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0
KOmaSHOOTER at gmx dot de
9 years ago
An example for using a memberfunction with another memberfunction.

The sequencing for the creating of the class is important.

<?php
class A
{
   function
example()
   {
       echo
"I am A::example() and provide basic functionality.<br>\n";
   }
}

class
B extends A
{
   function
example()
   {
       echo
"I am B::example() and provide additional functionality.<br>\n";
      
parent::example();
   }
}

class
C extends A
{
  
   function
example()
   {
          global
$b;
       echo
"I am c::example() and provide additional functionality.<br>\n";
      
parent::example();
      
$b->example();
   }
}
$b = new B();
$c = new C();
$c->example();
;
?>

Result:

I am c::example() and provide additional functionality.
I am A::example() and provide basic functionality.
I am B::example() and provide additional functionality.
I am A::example() and provide basic functionality.
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0
Anonymous
10 years ago
About the constructors :

Yes, a good pratrice could be to use a method called by the real constructor. In PHP 5, constructor are unified with the special __construct method. So we could do :

<?php
class A {
    var
$a = "null";
    function
A() {
       
$args = func_get_args();
       
call_user_func_array(array(&$this, "__construct"), $args);
    }
    function
__construct($a) {
       
$this->a = $a;
        echo
"A <br/>";
    }
}

class
B extends A {
    var
$b = "null";

    function
__construct($a, $b) {
       
$this->b = $b;
        echo
"B <br/>";
       
parent::__construct($a);
    }
    function
display() {
        echo
$this->a, " / ", $this->b, "<br/>";
    }
}

$b = new B("haha", "bobo");
$b->display();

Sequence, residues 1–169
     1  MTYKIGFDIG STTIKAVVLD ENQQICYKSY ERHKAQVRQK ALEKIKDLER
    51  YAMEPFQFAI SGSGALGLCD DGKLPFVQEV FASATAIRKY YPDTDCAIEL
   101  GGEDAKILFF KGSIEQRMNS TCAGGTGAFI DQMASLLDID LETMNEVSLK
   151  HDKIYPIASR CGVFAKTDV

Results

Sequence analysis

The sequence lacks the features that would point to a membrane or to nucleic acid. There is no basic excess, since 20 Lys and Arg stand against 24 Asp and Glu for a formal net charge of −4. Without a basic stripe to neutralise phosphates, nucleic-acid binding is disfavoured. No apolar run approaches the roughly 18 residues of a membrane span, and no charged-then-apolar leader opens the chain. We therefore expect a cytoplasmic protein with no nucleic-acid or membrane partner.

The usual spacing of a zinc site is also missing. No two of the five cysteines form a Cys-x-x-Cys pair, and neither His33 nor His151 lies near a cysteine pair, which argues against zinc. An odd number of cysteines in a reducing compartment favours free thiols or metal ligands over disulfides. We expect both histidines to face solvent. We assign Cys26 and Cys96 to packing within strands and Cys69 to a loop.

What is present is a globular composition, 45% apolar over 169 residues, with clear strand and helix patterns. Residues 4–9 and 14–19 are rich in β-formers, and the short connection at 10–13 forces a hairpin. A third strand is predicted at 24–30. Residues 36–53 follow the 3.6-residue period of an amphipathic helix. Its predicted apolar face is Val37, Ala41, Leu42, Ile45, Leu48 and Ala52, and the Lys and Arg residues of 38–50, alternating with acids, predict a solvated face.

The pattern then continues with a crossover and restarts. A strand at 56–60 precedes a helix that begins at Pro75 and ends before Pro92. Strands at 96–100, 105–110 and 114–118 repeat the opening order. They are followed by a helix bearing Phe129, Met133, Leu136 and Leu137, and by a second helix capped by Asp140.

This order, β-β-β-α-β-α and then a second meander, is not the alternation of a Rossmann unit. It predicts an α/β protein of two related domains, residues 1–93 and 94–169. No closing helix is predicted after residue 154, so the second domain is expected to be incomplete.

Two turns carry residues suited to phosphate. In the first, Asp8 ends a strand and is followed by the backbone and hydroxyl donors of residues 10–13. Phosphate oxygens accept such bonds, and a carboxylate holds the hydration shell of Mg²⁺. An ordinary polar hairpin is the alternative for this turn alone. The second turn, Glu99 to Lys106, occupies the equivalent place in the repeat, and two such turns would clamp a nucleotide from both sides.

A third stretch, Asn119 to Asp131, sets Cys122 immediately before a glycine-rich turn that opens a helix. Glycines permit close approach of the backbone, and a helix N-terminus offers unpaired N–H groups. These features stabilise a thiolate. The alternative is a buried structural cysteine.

?>

It will have the same behavior than standard php constructors, except that you can not pass arguments by reference.
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0
andyfaeglasgowTAKE_ME_OUT at yahoo dot co dot uk
10 years ago
re: referring to a parents variables

The documentation doesn't say anything about how one should refer to the variables of a parent class in a child class (maybe it's obvious but I thought I'd point it out anyway).

class Actress {
    var $bust;
   
    function Actress() {$this->bust = "32C";}
    function show() {echo "Bust: $this->bust...";}
}

class HollywoodActress extends Actress{
    var $attitude;
   
    function HollywoodActress () {
        $this->Actress();
        $this->attitude = "Fiery";
    }
   
    function show() {
        parent::show();
        echo "Attitude: $this->attitude";
    }
   
    function modify_bust() {
        $this->bust = "32DD";
    }
}

$girl_at_theatre = new Actress();
$girl_at_theatre->show();
//output: "Bust: 32C..."

$object_of_gossip = new HollywoodActress();
$object_of_gossip->modify_bust();
$object_of_gossip->show();
//output: "Bust: 32D:...Attidude: Fiery"
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0
bitmore.co.kr
10 years ago
/* Original */
/*
class A {
    var $x;
    function A() { $this->x = 32; }
    function joke() { print "A::joke" . A::x . "<br>\n"; # SYNTAX ERROR!! }